Aided by the simple theme, the low budget production works within its means comparably well when stacked against its peers. The story, flavor, and details seem to be formed around the scant resources with manageable results as well as a few high points. It's not a masterwork of stabby cinema but can hold its own in a crowded corner of the subgenre. There is a lot of back and forth between similar settings, held to pace with some generic cuts and spirited framing. Papa Phil's furniture store has several of a certain model bed in stock, as it can be found in a few different conveniently lit spots around the showroom floor. He also has more mannequins than actual merchandise despite not selling clothes. This odd detail gets a single line dedicated to its reasoning, but the inanimate models come into play often. I'm not complaining; they end up being one of the effectively creepy parts. Plus, I forgot they were not in a clothing store after about thirty minutes. It's almost as if the "furniture" store was chosen so they could include fluffier sleeping (that's the wrong word) arrangements. I also assume a single bed (that can be moved around) and some chairs are cheaper than a whole store full of clothes, so that makes sense. Either way, it works out. Characteristically dingy and dim, the frugal lighting can go from amateurishly underexposed to providing a spooky atmosphere in the same scene. The most consistent example is the use of shadows to conceal the antagonist's identity and help him pull off his grim impressions. It's a surprisingly effective use of an old gimmick, hitting a note between classic noir and charades as it puts the typically shitty illumination to good use. The same effect is used on the crowds of (aforementioned) dummies in subtle tufts of inspired background flare. It's hard to tell early on, but the handful of blatant repetitive aspects (like the elevator) all get a payout of some sort. It could have easily been a way to save some dough on sets, and the monotony becomes noticeable, but the extra mile to make it all count is appreciated. The soundtrack helps the mood immensely, building tension and surrounding the silliness with grave tones. While it's like the rest, borrowed, it's just as true to the material and avoids adding unnecessary comedic tones. There isn't a ton of gore, but a grimy surprise realism gives valuable weight to the demise of a few otherwise cardboard characters. Everybody gets topless, and the film meets its archetype's nudity quotient. Though probably not as much as you would imagine when so many scenes involve horny people under the same comforter.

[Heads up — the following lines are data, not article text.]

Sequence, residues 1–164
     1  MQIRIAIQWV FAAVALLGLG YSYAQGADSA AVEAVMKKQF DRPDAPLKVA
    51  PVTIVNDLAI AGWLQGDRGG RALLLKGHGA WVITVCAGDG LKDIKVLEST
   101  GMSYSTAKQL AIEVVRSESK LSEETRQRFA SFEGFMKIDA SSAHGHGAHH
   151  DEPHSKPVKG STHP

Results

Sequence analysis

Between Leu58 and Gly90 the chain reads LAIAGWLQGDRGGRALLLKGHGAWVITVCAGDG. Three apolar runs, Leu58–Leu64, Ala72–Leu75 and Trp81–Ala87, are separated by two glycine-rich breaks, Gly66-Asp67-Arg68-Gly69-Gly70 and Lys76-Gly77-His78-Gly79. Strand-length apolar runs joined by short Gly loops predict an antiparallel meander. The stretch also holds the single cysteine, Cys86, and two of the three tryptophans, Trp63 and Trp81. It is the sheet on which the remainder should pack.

The film's director Skip Schoolnik has worked on an eclectic range of projects predominantly as an editor or producer. He was one of two editors on John Carpenter's original Halloween sequel, which comes through on the smaller scale production. The classic series is an influence (openly) on the entire project, but if you squint, some technical cross-pollination can also be found in this film's pacing, use of shadows, and spatial awareness. Along with Halloween II (1981), Schoolnik laid hands on everything from Kung Fu: The Movie (1986) to The Walking Dead.  Although, outside of some television episodes (the Buffyverse's Angel series and Beyond Belief: Fact or Fiction), Hide and Go Shriek is his only feature in the director’s chair. The legendary Screaming Mad George supplied the effects, having been brought on to the intended cash-grab by producer Dimitri Villard. A credit to any film, the practical wizard of gore makes himself known here with crunchy decapitation, among other things. The script was written by Michael Kelly, whose only additional credit is the TV movie Hijack! (1973). Here, he seems to have taken on the scripting by himself and also makes an on-screen cameo as a drunk. The cast of "kids" is perfectly annoying, and I mean that in the best way. They fill out the paper-thin cliches with era-appropriate ham, and I didn't mind hanging out with them for the duration. None of those bonuses kept me from laughing at any barely written character's demise, however, which is an excellent middle ground (like I said it's not a deep film). Among them, Brittain Frye in her third role after an episode of Highway to Heaven and showing up as Teenager #2 in 1987's angsty favorite Less Than Zero. Working into the 90s, she would continue to a handful of parts before circling back to the niche to play “Brittain” in the Slumber Party Massacre III in 1990.  My favorite of the squad, Bonnie, is played by the late scream queen Bunky Jones. During her two years as an actor, Jones (aka Bunki Z) appeared in a string of b-horror films, which also includes The Kindred (1987) and Grotesque (1988). This is one of her more involved roles, but she packed some awesome entertainment into a brief career.  Also among the squad is Donna Baltron, who plays Judy and would later serve as a body-double for Meryl Streep in Death Becomes Her (1992). Scott Kubay is our quick changing murderer. I can't be sure he performed all the impressions, but the giggling, random chatter and prancing was some creepy shit.
In the supermarket aisle of 80s slasher flicks, Hide and Go Shriek (1988) is the bag of cereal with shapeless marshmallows that tastes just as good but doesn't have games on the back.  Come for a generic, stabby fun, and you will leave satisfied; if you need some thinking material, read a good book afterward. I have a lot of fun with it, and even though I sometimes forget the film exists, it satisfies a specific craving I often find myself having. Now, if only I could find a group to quench my thirst for the actual game of hide and go seek. I would ask my friends, but I only have one and I'm afraid to scare him off. Plus, if he did say yes-- that would just be two grown men looking suspicious in a park.
1h 30min | 1988
Director: Skip Schoolnik
Writer: Michael Kelly